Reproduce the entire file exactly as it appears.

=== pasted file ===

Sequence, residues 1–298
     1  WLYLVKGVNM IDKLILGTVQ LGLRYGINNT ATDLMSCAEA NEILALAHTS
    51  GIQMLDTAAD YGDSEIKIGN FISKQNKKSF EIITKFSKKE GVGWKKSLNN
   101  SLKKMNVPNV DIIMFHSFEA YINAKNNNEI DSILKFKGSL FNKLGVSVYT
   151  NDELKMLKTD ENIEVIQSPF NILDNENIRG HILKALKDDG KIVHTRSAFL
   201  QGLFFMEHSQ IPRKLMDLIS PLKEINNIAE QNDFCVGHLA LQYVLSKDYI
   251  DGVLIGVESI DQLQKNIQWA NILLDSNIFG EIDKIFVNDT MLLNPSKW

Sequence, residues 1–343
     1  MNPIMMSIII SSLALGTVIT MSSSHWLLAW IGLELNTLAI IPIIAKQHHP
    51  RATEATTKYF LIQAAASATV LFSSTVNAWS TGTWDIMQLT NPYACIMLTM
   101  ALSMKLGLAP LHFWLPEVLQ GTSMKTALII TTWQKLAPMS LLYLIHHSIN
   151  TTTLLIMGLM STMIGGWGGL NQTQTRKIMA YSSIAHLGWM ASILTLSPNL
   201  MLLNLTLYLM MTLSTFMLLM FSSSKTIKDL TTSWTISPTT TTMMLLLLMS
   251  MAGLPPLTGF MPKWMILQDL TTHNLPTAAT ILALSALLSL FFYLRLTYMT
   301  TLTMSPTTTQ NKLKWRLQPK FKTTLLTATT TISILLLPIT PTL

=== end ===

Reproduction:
Sequence, residues 1–298
     1  WLYLVKGVNM IDKLILGTVQ LGLRYGINNT ATDLMSCAEA NEILALAHTS
    51  GIQMLDTAAD YGDSEIKIGN FISKQNKKSF EIITKFSKKE GVGWKKSLNN
   101  SLKKMNVPNV DIIMFHSFEA YINAKNNNEI DSILKFKGSL FNKLGVSVYT
   151  NDELKMLKTD ENIEVIQSPF NILDNENIRG HILKALKDDG KIVHTRSAFL
   201  QGLFFMEHSQ IPRKLMDLIS PLKEINNIAE QNDFCVGHLA LQYVLSKDYI
   251  DGVLIGVESI DQLQKNIQWA NILLDSNIFG EIDKIFVNDT MLLNPSKW

Sequence, residues 1–343
     1  MNPIMMSIII SSLALGTVIT MSSSHWLLAW IGLELNTLAI IPIIAKQHHP
    51  RATEATTKYF LIQAAASATV LFSSTVNAWS TGTWDIMQLT NPYACIMLTM
   101  ALSMKLGLAP LHFWLPEVLQ GTSMKTALII TTWQKLAPMS LLYLIHHSIN
   151  TTTLLIMGLM STMIGGWGGL NQTQTRKIMA YSSIAHLGWM ASILTLSPNL
   201  MLLNLTLYLM MTLSTFMLLM FSSSKTIKDL TTSWTISPTT TTMMLLLLMS
   251  MAGLPPLTGF MPKWMILQDL TTHNLPTAAT ILALSALLSL FFYLRLTYMT
   301  TLTMSPTTTQ NKLKWRLQPK FKTTLLTATT TISILLLPIT PTL